Tuesday, June 27, 2017 Print page
 
Centre of Inflammation and Metabolism (CIM)
 

Publications

To read the abstract, please click on the title of the publication of interest. If you want to access the publication on PubMed, please click on the PubMed ID.
To find specific publications, please use the sort and search functions. Please enter one word only as search term.

Click here to see all publications

196Residual viraemia in HIV-1-infected patients with plasma viral load <or=20 copies/ml is associated with increased blood levels of soluble immune activation markers.
Ostrowski SR; Katzenstein TL; Pedersen BK; Gerstoft J; Ullum H
Scand J Immunol 2008; 68(6): 652-60
PubMed ID: 19055701

Despite undetectable viral load in conventional assays, probably all human immunodeficiency virus (HIV)-1 infected patients have residual viraemia (RV) detectable by ultra-sensitive assays. To study this issue, this study investigated virologic and immunologic consequences of RV in highly active antiretroviral therapy (HAART)-treated HIV-1-infected patients with plasma HIV-1 RNA or=1 episode with TMA-RV whereas 9 patients had undetectable TMA-RV throughout the study-period. Time-points with TMA-RV and PCR-RV were associated with higher circulating sTNFrII (+0.234 ng/ml, P = 0.030) and beta(2)-microglobulin (+22 nmol/l, P = 0.016) and time-points with PCR-RV were also associated with higher IgA (+0.82 micromol/l, P = 0.035) and CD8-count (+1.18-fold, P = 0.001). Patients with TMA-RV in the study-period had higher HIV-1 RNA pre-HAART (P = 0.032). RV was not associated with proviral-HIV-1-DNA, CD4-count, CD4+HLA-DR+, CD8+HLA-DR+CD38+, CD4+CD45RA-CD45RO+, CD8+CD45RA-CD45RO+, CD4+CD45RA+CD62L+, CD8+CD45RA+CD62L+ T cells, IgG or IgM. In conclusion, RV was associated with increased blood levels of soluble immune activation markers in HAART-treated HIV-1-infected patients. The finding that RV was associated with higher pre-HAART plasma viral load suggests that RV is linked to pre-HAART disease progression.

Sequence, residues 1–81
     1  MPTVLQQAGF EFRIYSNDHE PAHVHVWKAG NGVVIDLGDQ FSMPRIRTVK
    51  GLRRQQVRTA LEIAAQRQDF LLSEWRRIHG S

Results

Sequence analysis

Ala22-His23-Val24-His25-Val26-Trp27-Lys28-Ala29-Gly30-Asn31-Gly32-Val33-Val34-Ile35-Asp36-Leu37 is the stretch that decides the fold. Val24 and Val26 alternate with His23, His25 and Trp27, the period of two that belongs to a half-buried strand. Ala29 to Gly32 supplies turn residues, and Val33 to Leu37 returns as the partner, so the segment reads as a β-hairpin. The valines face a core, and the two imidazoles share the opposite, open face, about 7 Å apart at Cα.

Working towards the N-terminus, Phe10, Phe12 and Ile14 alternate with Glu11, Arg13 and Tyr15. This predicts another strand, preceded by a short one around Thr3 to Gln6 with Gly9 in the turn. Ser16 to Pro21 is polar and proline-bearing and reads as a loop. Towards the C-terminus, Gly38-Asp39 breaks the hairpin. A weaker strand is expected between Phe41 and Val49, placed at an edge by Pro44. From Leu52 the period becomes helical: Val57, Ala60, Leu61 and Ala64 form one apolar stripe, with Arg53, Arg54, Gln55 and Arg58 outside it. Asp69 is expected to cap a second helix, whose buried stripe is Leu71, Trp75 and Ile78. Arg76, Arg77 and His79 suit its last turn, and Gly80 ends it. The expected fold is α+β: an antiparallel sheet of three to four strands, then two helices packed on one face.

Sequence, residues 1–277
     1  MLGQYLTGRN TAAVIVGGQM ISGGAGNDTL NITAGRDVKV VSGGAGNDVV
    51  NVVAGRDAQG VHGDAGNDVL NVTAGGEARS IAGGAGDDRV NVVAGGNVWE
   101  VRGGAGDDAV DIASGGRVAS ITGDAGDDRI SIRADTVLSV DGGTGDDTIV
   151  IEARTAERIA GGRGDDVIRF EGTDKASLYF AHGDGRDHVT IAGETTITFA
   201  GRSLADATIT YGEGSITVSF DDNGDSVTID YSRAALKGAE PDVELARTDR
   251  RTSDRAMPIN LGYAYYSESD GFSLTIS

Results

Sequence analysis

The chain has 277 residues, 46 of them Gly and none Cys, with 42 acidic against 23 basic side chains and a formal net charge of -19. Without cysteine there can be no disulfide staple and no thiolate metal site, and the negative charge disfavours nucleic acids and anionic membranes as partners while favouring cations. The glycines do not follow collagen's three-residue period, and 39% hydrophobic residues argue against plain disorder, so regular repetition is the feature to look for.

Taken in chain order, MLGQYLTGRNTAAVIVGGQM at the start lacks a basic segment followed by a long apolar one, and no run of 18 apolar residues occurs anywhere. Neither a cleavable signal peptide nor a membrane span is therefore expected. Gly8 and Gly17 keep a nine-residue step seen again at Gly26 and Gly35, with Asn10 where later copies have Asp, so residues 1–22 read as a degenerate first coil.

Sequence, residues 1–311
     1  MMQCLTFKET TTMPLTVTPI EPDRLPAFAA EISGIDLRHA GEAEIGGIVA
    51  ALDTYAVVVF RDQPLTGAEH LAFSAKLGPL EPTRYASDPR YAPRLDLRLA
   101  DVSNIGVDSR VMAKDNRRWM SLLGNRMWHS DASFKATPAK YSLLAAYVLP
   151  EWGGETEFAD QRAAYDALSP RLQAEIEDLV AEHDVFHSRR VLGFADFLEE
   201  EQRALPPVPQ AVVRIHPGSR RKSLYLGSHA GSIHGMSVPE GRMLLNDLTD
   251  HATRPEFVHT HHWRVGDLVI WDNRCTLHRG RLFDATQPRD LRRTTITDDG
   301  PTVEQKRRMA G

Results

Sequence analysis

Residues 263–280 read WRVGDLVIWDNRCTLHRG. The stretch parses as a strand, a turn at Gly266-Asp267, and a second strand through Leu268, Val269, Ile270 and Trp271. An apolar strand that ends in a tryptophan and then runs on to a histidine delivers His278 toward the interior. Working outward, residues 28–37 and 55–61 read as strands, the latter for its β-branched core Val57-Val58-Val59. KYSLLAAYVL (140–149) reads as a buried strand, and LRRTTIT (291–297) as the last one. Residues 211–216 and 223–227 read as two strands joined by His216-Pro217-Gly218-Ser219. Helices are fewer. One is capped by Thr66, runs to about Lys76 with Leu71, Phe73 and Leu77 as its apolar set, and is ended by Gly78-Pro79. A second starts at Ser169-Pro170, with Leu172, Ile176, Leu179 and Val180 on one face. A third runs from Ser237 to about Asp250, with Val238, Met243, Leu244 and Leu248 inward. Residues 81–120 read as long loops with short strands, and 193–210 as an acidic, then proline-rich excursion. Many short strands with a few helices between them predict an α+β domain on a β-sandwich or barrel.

© 2017 Centre of Inflammation and Metabolism
www.inflammation-metabolism.dk